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President of Ireland

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President of Ireland

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Speech at a Garden Party for Representatives of Ireland’s Island Communities

Áras an Uachtaráin, 20 June 2017



The boundless sea, which those of you who are fishermen or who work on the ferry services know so well, is the element that connects us to our deep identity as an island civilisation.

A chairde,

Tá fáilte agus fiche romhaibh ar fad go hÁras an Uachtaráin. Tá súil agam go bhfuil sibh ag baint taitneamh as bhur gcuid ama sa ghairdín tar éis an aistir fhada atá tógtha agaibh le bheith linn tráthnóna. Agus do thug sibh an dea-aimsir libh.

Sabina and I are delighted to welcome you all to Áras an Uachtaráin.   I have had the great fortune, in my various public roles, including a period as the Minister responsible for the islands, to undertake many visits to our islands, and I have developed a deep respect and appreciation for island life – a life lived in dialogue, and sometimes in confrontation, with sea and sky, waves and wind; an existence at times austere and vulnerable, but always heightened by the strength of close community ties, and blessed by landscapes of astonishing beauty.

Tá cuimhní geala agam ar mo chuairteanna ar na hoileáin, agus tá áthas orm mar Uachtarán na hÉireann an deis seo a bheith agam inniu fáilte a chur romhaibh, pobail na n-oileán agus na daoine siúd a thacaíonn libh sna h-eagrais éagsúla atá linn chomh maith.

Is chuimhin liom go maith an céad uair a léigh mé focail Mháirtín Ó Direáin ina dhán, ‘An tEarrach Thiar’:

“Toll-bhuillí fanna
Ag maidí rámha
Currach lán éisc
Ag teacht chun cladaigh
Ar ór-mhuir mhall
I ndeireadh lae;
San Earrach thiar.”

Máirtín Ó Direáin’s poem evokes those long, calm island evenings, with spring giving way to summer, where all is well and there is nowhere to compare.  It is the experience of Winter however, that islanders of all generations may have easiest recall and where the obligations of policy arise and too often are insufficient.

Anuraidh, bhí deis agam féin agus ag Saidhbhín a bheith libh le haghaidh comórtas peile na nOileáin, thiar ar Inis Meáin. Is íontach an lá a bhí againn, le fir agus mná cróga na n-Oileáin, in iomaíocht dáiríre lena chéile, ach le meas agus tuiscint ar a chéile chomh maith.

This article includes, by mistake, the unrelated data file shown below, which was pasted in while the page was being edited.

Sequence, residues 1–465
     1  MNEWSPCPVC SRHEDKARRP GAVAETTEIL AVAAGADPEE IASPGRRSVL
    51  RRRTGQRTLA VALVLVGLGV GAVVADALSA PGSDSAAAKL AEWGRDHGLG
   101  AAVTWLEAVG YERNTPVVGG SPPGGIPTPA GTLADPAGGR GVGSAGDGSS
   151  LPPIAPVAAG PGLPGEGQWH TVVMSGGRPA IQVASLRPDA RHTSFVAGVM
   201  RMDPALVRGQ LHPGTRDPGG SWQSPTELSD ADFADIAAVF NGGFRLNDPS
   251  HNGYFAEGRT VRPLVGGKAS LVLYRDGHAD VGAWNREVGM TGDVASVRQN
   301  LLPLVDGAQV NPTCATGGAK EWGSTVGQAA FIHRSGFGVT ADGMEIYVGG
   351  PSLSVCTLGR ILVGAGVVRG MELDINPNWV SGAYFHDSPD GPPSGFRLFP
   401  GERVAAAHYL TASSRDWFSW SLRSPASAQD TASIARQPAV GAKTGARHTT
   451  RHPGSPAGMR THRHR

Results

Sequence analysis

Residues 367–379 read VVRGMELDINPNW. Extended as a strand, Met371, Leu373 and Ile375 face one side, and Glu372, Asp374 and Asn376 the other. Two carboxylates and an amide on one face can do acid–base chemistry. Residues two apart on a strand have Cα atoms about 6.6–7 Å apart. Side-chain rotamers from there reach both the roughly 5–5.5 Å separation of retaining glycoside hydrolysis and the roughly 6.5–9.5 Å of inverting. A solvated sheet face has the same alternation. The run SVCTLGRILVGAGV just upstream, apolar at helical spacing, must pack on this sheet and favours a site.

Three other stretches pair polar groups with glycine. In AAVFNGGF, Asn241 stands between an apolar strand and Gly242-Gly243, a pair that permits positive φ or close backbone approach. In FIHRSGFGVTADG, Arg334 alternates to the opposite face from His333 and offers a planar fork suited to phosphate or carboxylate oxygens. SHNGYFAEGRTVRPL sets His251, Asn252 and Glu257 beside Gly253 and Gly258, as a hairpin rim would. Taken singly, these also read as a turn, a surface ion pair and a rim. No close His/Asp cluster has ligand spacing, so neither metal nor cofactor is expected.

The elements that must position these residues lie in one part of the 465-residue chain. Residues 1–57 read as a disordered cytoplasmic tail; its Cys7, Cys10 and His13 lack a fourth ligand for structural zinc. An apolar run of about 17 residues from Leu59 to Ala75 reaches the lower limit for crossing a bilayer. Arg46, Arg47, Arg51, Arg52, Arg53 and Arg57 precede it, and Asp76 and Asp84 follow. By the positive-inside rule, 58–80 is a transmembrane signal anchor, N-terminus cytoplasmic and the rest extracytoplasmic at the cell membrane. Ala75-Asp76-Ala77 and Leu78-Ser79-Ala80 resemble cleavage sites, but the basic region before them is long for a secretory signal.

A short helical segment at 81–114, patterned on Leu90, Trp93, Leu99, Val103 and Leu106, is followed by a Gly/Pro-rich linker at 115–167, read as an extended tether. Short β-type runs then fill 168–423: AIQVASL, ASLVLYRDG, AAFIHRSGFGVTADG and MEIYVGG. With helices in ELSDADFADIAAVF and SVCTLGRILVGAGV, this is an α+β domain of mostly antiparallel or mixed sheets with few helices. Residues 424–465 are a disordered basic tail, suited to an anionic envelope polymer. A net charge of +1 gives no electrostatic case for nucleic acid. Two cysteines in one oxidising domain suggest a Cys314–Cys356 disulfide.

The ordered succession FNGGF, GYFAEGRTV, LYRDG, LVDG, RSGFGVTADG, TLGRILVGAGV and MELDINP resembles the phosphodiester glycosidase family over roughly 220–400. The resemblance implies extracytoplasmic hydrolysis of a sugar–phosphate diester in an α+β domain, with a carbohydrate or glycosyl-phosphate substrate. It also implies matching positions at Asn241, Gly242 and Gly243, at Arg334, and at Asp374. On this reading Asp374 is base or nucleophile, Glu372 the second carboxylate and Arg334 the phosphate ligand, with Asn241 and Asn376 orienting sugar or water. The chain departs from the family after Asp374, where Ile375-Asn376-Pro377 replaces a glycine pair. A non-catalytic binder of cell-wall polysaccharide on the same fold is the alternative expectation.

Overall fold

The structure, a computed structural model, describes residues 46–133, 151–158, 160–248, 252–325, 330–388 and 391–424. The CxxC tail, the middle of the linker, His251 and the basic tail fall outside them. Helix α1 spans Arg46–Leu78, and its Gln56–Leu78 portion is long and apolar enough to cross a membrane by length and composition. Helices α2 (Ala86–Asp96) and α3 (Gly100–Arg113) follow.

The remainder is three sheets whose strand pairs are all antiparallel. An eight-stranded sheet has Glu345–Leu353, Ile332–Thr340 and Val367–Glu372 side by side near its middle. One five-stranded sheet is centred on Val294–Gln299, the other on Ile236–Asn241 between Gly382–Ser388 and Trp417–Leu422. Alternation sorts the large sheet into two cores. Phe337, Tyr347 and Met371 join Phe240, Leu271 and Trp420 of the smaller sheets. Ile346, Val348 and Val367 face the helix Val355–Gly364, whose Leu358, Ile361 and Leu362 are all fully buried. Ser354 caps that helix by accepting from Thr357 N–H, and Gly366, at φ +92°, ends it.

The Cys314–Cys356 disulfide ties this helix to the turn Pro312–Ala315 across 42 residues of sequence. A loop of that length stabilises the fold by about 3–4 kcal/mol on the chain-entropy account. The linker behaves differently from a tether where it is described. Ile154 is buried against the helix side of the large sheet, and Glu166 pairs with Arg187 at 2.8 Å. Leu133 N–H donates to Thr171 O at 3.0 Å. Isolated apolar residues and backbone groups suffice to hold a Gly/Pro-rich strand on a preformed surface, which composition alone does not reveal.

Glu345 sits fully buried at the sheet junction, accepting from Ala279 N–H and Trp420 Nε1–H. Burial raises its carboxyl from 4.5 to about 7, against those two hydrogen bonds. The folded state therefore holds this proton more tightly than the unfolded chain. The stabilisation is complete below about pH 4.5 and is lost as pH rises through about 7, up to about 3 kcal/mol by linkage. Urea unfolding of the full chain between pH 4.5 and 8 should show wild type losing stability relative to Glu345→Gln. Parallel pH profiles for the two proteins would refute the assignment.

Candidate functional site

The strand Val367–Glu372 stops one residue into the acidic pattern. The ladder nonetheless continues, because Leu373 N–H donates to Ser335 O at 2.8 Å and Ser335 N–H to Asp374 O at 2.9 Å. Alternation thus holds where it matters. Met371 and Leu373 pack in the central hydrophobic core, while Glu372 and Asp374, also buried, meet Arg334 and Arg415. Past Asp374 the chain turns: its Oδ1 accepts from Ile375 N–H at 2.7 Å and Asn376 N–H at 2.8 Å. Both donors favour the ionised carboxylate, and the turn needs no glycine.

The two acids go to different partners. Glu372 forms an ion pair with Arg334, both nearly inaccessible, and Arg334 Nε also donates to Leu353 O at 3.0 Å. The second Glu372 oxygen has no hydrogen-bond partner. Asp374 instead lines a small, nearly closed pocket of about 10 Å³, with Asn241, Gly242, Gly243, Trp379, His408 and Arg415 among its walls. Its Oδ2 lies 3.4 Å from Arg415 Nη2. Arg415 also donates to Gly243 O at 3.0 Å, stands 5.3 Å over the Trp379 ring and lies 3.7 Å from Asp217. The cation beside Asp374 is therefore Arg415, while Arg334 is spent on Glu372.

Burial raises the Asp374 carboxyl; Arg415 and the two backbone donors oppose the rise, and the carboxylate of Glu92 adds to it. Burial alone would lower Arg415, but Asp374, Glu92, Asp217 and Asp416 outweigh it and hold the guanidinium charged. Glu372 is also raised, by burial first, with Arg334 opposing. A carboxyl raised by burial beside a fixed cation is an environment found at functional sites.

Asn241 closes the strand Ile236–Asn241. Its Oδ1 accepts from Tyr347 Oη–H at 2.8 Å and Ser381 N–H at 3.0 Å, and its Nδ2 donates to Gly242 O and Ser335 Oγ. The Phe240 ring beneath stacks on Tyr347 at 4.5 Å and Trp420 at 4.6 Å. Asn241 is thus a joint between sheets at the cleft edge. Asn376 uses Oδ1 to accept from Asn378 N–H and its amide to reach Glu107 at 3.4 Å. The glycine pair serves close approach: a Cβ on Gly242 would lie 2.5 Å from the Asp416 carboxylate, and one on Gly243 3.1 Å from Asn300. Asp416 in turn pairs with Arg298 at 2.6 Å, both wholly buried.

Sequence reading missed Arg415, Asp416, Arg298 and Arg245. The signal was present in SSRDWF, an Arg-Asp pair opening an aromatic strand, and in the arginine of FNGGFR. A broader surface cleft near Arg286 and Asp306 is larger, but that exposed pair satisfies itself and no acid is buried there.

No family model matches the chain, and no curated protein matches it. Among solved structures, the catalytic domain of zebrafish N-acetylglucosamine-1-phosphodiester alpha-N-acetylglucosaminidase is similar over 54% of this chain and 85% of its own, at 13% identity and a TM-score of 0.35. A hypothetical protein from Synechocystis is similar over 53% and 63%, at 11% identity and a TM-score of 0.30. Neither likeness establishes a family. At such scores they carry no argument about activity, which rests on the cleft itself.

It was such a pleasure for Sabina and I to be with you at the Islands Football competition on Inis Meáin last summer. We had such a great day and witnessed the terrific, competitive but good-tempered games involving the young, and some not so young, men and women of many of our offshore islands. It was also an opportunity for me to be updated on the challenges facing islanders and I am all too aware of current concerns.

I know that many of you have made long journeys to be with us this afternoon, and I thank you very sincerely for that. I realise that for many this is a particularly busy time of the year, and I am grateful for those of you that have come.

We have representatives from 24 Islands. Including Achill and Valencia, which are, I suppose, semi-detached, but you are welcome nonetheless. I am so pleased that we have friends here from Rathlin Island and also representatives from Ionad na mBlascaod.  Tá fáilte romhaibh.

The boundless sea, which those of you who are fishermen or who work on the ferry services know so well, is the element that connects us to our deep identity as an island civilisation. It is the natural highway our ancestors navigated so extensively, binding us to other lands near and far, weaving the threads of the ancient cultures we share with Scotland, Wales, other parts of Britain, the edges of Europe and beyond, ancient bonds deeper and more important than the divergence of recent histories.

We can think of the circulation of Irish monks between islands, of Saint Colmán and Saint Finan departing the island of Lindisfarne, the former to settle on Inis Bó Finne, off the Mayo coast, and the latter on Church Island, across the bay from Skellig Mhíchíl, in Co. Kerry.

That human story of places, spaces and migrations of which all of you are the descendants and custodians, continues to exist, while you seek of course to adapt to new realities, opportunities and challenges. It would be a tragic loss and it is unacceptable that the island way of life, which is so central to Irish culture, drift to the margins of our history and public policy.

We should surely be able, as a country, and as a Member of the European Union, to harness the great possibilities offered by new modes of transportation, new telecommunications technologies, such as satellite communication and fibre-optic broadband, the development of teleworking, the advances of renewable energies, eco-tourism, and a revived awareness of the value of sustainable farming and fishing, so as to support vibrant human communities on our offshore islands.


Nothing is inevitable.  The loss of sustainable island life is not inevitable.  The recent decline in many of our islands’ populations is a challenge to be addressed. More accurately, it is the result of a series of challenges not having been adequately addressed. However, with the required political will, ambition and imagination, we can, I believe, turn the tide. Intervention is needed – intervention conducted in dialogue with islanders and their representatives.

The issues facing islanders today are well-known. They have to do with transportation and access, the provision of adequate infrastructure and of suitable ferry and air services. They have to do with the provision of basic services: medical care, social and childcare services, energy, sanitation and proper waste-management systems.